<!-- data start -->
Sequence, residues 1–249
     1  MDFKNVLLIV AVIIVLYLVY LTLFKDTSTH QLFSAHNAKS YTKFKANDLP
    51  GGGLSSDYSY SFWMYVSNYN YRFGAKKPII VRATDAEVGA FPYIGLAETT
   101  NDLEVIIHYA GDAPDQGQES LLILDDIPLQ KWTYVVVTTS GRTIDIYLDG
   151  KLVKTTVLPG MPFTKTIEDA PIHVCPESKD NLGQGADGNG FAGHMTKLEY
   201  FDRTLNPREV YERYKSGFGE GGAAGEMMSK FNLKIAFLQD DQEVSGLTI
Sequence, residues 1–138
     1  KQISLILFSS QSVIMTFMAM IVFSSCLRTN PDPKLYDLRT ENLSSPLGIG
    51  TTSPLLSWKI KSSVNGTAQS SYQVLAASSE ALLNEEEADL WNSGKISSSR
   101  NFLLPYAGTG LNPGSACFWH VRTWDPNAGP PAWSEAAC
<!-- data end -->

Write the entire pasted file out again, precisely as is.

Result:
Sequence, residues 1–249
     1  MDFKNVLLIV AVIIVLYLVY LTLFKDTSTH QLFSAHNAKS YTKFKANDLP
    51  GGGLSSDYSY SFWMYVSNYN YRFGAKKPII VRATDAEVGA FPYIGLAETT
   101  NDLEVIIHYA GDAPDQGQES LLILDDIPLQ KWTYVVVTTS GRTIDIYLDG
   151  KLVKTTVLPG MPFTKTIEDA PIHVCPESKD NLGQGADGNG FAGHMTKLEY
   201  FDRTLNPREV YERYKSGFGE GGAAGEMMSK FNLKIAFLQD DQEVSGLTI
Sequence, residues 1–138
     1  KQISLILFSS QSVIMTFMAM IVFSSCLRTN PDPKLYDLRT ENLSSPLGIG
    51  TTSPLLSWKI KSSVNGTAQS SYQVLAASSE ALLNEEEADL WNSGKISSSR
   101  NFLLPYAGTG LNPGSACFWH VRTWDPNAGP PAWSEAAC